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A vector is a physical quantity which has not only a size, but also a direction. For example: to walk 30 meters North-East is a vector quantity (displacement) because it includes a size (30 m) and a direction (North-East). Quantities, such as mass, which do not require a direction are called scalars.
We can represent a vector by making a scale drawing on a coordinate plane. When it is possible to do so, we pick the origin of the coordinate plane to be where the vector begins. The vector is then drawn using an arrow that has a length proportional to the size of the vector and is pointing in the same direction as the vector.
For example: if the above vector is drawn on standard 1/4" graph paper and each quarter of an inch represents 1 meter, then the length of the arrow on would be 7.5 inches and would be pointing 45 degrees up from the x-axis.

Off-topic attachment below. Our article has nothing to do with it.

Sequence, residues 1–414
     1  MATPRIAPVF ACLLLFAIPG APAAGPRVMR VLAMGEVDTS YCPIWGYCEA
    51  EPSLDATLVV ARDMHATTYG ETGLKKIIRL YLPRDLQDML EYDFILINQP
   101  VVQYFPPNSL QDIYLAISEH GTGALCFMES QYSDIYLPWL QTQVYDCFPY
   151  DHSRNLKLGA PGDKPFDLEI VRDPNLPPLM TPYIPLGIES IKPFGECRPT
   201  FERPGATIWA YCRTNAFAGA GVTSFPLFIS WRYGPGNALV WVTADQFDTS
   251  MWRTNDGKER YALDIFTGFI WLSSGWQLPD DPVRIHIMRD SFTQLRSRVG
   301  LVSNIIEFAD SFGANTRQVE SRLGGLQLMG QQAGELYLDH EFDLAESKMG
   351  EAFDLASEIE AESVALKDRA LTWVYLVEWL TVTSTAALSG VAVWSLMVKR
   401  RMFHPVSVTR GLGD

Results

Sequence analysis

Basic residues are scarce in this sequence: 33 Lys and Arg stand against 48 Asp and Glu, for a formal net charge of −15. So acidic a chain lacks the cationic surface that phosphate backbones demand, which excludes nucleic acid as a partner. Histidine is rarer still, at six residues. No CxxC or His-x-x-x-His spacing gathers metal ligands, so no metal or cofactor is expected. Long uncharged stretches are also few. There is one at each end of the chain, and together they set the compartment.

Any vector can be represented by a pair of horizontal (x-axis) and vertical (y-axis) components. The two component represents the straight line distance in the horizontal and vertical directions one would have to measure from the beginning of the vector to reach the end of the vector. When these two vectors are drawn on the same coordinate axis as the vector they create the two legs of a right triangle and the vector creates the hypotenuse of the right triangle.
Using simple right-angle trigonometry we can calculate the length of each component if we know the original lenght of the vector and the angle it makes to the x-axis. From trig we know
`costheta = x/(hypotenuse)`
`sintheta = y/(hypotenuse)`
Recalling that the hypotenuse is also the length of the original vector, the x-component and y-components would be
`x = Vcostheta`
`y = Vsintheta`
Using the example above the x-axis component would be
`x = 30m* cos(45) = 21.2 m`
and the y-axis component would be
`y = 30m*sin(45) = 21.2m`
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